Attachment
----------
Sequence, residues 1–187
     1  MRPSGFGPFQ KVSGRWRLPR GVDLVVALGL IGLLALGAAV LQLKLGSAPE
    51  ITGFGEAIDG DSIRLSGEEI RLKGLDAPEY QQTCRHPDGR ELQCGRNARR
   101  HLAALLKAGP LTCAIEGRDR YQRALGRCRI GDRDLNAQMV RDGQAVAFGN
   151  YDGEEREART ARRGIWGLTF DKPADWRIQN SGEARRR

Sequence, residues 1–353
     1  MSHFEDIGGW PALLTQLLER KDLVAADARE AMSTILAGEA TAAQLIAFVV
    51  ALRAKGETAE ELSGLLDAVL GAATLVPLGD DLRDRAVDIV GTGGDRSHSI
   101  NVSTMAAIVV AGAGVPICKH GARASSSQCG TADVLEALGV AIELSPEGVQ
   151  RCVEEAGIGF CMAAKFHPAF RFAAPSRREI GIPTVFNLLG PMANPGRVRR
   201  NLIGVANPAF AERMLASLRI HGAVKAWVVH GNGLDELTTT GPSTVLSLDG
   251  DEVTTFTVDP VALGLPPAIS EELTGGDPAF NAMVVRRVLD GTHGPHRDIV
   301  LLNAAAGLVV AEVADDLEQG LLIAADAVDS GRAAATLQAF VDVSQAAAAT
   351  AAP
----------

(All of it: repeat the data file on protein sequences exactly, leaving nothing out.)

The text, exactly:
Sequence, residues 1–187
     1  MRPSGFGPFQ KVSGRWRLPR GVDLVVALGL IGLLALGAAV LQLKLGSAPE
    51  ITGFGEAIDG DSIRLSGEEI RLKGLDAPEY QQTCRHPDGR ELQCGRNARR
   101  HLAALLKAGP LTCAIEGRDR YQRALGRCRI GDRDLNAQMV RDGQAVAFGN
   151  YDGEEREART ARRGIWGLTF DKPADWRIQN SGEARRR

Sequence, residues 1–353
     1  MSHFEDIGGW PALLTQLLER KDLVAADARE AMSTILAGEA TAAQLIAFVV
    51  ALRAKGETAE ELSGLLDAVL GAATLVPLGD DLRDRAVDIV GTGGDRSHSI
   101  NVSTMAAIVV AGAGVPICKH GARASSSQCG TADVLEALGV AIELSPEGVQ
   151  RCVEEAGIGF CMAAKFHPAF RFAAPSRREI GIPTVFNLLG PMANPGRVRR
   201  NLIGVANPAF AERMLASLRI HGAVKAWVVH GNGLDELTTT GPSTVLSLDG
   251  DEVTTFTVDP VALGLPPAIS EELTGGDPAF NAMVVRRVLD GTHGPHRDIV
   301  LLNAAAGLVV AEVADDLEQG LLIAADAVDS GRAAATLQAF VDVSQAAAAT
   351  AAP